5 winners and losers of Ireland's World Cup qualifying campaign

We look back at who impressed and who fell away over the last year.

Updated Nov 18th 2021, 8:02 PM

WITH SO MUCH focus on the manager’s position, let’s reflect on Ireland’s World Cup qualifying campaign from the perspective of some of the players. 


Josh Cullen 

josh-cullen Josh Cullen, playing in Baku against Azerbaijan. Source: Laszlo Geczo/INPHO

Cullen was not initially favoured in midfield when Kenny took over but forced himself into the team having taken the rare step of moving to mainland Europe for regular football. 

Thus he played more minutes than any Irish player across the group, starting every game. His defensive instincts have always been good – only John Egan won the ball back more often for Ireland in the group – and his passing has greatly improved since joining Anderlecht.

Cullen made more passes than any other Irish player – unsurprising given his position and consistency of selection – but more encouraging is the fact that 87% of them were accurate and only 17% of them went backwards. 

He didn’t score and didn’t have a single touch in the opposition penalty area, but he had more assists (three) than any other Irish player.

In fact, only nine players across all qualifying groups had more assists than Cullen…and four of them had the benefit of larger groups and played more games. 

Shane Duffy 

shane-duffy-celebrates-scoring-a-goal Shane Duffy celebrates his goal away to Luxembourg. Source: Laszlo Geczo/INPHO

The revitalisation of Duffy was crucial to Ireland’s turnaround. Kenny says nobody deserves credit for his return to form other than Duffy himself, though the manager cannily brought him along to the summer training camp and played him in the final game of the summer, a goalless draw with Hungary. 

Duffy was man of the match and spoke post-game of mentally turning a page after a wretched spell at Celtic.

He drove all the way back from Glasgow to Brighton, which, he says, helped clarify his thoughts. He surrounded himself with good people, returned early to Brighton’s pre-season, and forced his way back into the reckoning for club and country. Duffy played every minute of Ireland’s campaign from September onwards, scored twice – and again in the friendly with Qatar – and can probably claim an assist on Serbia’s chaotic own goal. (The stadium announcer awarded him the goal.)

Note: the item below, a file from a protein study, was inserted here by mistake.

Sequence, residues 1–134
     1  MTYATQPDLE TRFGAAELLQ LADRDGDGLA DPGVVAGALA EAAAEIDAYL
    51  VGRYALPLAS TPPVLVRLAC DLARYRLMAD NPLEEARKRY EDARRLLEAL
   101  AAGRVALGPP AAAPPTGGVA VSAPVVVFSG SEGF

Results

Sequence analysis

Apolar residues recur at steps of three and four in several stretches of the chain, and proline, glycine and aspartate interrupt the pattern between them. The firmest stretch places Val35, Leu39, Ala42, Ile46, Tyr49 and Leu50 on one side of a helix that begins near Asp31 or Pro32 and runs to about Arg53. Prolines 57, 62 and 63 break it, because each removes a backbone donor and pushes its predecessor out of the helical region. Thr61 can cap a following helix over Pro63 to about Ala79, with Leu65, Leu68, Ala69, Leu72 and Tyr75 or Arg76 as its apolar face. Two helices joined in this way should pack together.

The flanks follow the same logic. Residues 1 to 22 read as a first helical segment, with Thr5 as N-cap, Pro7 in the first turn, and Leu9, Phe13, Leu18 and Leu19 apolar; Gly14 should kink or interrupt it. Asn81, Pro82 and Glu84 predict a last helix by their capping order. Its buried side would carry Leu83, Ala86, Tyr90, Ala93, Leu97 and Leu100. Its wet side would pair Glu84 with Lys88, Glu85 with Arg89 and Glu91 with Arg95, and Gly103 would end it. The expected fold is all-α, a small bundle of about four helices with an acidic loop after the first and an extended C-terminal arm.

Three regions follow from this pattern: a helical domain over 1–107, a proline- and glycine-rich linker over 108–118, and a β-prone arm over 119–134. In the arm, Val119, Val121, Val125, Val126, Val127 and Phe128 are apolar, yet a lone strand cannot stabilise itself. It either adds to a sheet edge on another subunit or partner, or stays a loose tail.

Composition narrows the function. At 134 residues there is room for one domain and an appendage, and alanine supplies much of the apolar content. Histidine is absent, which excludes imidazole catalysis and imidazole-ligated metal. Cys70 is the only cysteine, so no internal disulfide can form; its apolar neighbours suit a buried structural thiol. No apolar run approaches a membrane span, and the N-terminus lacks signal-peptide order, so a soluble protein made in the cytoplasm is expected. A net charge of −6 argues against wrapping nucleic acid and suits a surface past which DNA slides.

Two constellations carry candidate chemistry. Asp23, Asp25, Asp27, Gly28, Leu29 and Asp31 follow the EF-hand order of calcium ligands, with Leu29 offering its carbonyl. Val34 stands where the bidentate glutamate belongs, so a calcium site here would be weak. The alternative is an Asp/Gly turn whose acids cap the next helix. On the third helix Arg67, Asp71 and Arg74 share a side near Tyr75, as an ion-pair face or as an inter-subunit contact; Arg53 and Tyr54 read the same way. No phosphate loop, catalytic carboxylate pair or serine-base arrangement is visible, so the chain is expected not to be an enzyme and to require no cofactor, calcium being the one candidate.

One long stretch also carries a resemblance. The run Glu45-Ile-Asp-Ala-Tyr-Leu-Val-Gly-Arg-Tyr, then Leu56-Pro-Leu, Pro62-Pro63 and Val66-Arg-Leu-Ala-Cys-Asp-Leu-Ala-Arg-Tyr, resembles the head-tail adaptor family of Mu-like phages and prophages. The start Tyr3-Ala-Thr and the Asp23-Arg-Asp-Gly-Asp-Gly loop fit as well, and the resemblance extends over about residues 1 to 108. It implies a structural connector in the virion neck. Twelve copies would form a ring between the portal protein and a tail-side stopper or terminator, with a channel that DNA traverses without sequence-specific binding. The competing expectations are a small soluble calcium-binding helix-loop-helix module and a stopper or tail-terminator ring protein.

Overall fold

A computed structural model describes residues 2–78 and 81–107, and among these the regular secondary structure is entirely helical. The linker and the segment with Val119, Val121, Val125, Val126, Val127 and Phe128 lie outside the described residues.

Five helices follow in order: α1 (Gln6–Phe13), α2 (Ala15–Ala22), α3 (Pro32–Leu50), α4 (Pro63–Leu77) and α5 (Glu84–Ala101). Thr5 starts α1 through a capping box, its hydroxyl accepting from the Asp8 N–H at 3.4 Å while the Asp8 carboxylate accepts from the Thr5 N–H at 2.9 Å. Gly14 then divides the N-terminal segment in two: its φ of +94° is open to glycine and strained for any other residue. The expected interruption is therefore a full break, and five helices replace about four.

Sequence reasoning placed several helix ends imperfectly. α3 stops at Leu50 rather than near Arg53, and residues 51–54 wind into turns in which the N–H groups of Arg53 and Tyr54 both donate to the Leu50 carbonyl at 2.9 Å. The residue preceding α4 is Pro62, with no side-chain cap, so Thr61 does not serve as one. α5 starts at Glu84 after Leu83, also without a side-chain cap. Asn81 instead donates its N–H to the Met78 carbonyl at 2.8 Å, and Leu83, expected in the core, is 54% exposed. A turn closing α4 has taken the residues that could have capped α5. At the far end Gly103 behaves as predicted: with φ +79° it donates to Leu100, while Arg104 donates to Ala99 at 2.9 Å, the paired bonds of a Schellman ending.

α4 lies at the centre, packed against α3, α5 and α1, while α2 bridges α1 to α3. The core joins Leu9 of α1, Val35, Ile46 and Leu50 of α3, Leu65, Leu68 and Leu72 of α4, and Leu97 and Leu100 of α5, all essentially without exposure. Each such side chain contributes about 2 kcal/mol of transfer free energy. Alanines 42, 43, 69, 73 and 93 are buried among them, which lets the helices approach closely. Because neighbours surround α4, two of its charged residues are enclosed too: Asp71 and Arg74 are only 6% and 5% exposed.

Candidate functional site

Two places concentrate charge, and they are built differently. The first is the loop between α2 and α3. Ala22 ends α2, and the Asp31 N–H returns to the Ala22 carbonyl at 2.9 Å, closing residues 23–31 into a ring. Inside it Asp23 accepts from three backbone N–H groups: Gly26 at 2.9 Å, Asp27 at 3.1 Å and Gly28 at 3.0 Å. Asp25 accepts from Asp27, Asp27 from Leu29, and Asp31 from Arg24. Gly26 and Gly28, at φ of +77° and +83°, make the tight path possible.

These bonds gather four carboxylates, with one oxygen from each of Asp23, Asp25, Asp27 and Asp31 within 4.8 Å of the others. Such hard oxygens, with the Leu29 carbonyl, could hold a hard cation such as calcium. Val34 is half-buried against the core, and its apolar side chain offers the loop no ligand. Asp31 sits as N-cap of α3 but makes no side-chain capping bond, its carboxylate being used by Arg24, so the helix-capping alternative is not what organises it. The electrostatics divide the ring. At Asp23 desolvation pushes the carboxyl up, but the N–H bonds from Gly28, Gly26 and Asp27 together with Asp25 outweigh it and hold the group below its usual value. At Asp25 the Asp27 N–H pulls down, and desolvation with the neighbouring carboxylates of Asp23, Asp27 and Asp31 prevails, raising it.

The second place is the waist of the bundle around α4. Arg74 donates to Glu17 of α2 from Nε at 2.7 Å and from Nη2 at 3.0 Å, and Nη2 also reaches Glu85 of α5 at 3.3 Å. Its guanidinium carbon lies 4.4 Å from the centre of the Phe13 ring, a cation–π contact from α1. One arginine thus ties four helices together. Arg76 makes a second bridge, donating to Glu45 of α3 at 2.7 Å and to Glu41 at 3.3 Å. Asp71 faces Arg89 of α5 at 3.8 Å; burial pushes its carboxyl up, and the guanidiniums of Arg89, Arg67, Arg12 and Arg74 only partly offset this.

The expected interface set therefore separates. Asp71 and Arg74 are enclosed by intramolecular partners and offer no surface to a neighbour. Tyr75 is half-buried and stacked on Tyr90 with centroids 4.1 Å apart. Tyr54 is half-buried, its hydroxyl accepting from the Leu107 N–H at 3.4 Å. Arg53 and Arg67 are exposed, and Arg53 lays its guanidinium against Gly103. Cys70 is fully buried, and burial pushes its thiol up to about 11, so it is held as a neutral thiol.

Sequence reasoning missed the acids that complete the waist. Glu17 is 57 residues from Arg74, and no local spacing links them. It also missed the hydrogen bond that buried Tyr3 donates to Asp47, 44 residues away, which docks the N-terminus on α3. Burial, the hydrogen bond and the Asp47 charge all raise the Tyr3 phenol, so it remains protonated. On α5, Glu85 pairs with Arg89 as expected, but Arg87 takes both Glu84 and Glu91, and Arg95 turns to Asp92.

Ireland have conceded two goals to players not called Cristiano Ronaldo since Duffy came back into the team, his passing and comfort on the ball has exceeded all expectation – Cruyff-turning Ronaldo wasn’t in anyone’s mind – and has actually helped Ireland’s pressing game.

When Ireland hem the opposition in and force them long, Duffy invariably wins a header around the halfway line. No Irish player won more aerial duels than Duffy (he won 19, Matt Doherty was closest with 9) and that’s in spite of missing the first two games of the campaign. 

Gavin Bazunu

cristiano-ronaldo-comes-up-against-gavin-bazunu-and-shane-duffy Gavin Bazunu saves at the feet of Cristiano Ronaldo. Source: Ben Brady/INPHO

What more is there to say? Bazunu joined Robbie Keane as the Irish international with the most senior caps in their teens and in hindsight he should have started in Belgrade and broken the record. 

There’s quite the highlight reel already: the penalty save against Ronaldo; the audacious fingertip stop away to Luxembourg; almost all of the Serbia game. 

When you take the opponent’s Expected Goals into account, Bazunu outperformed it: conceding five goals where the stats say Ireland should have conceded eight. He proved crucial to Ireland on the ball, and 90% of his passes were accurate. Those passes were varied, too: around one in three of them went further than 25 metres. 

Bazunu is one of the great success stories of recent years and, injuries permitting, he may retire as Ireland’s all-time record caps holder. 

Callum Robinson 

callum-robinson-celebrates-scoring-their-first-goal-with-john-egan Callum Robinson celebrates his first goal against Qatar. Source: Ryan Byrne/INPHO

Robinson emerged as the key man of the Irish attack as the campaign wore on.

Most obviously he was Ireland’s top scorer with three goals (and add another three in the Qatar friendly) and that was partly a consequence of the fact he didn’t show his off-field hesitancy to taking shots: his total of 21 attempts was the highest in the Irish squad by a mile. (The next-closest was Aaron Connolly with eight.) 

Robinson’s contribution was an all-round one, as only James McClean put in more crosses while only Matt Doherty attempted more dribbles. 

Those latter stats may signal the need for a slight change in approach for Ireland. If Robinson is their best finisher, they need to get him closer to goal more often.

Matt Doherty

matt-doherty Matt Doherty in Baku. Source: Laszlo Geczo/INPHO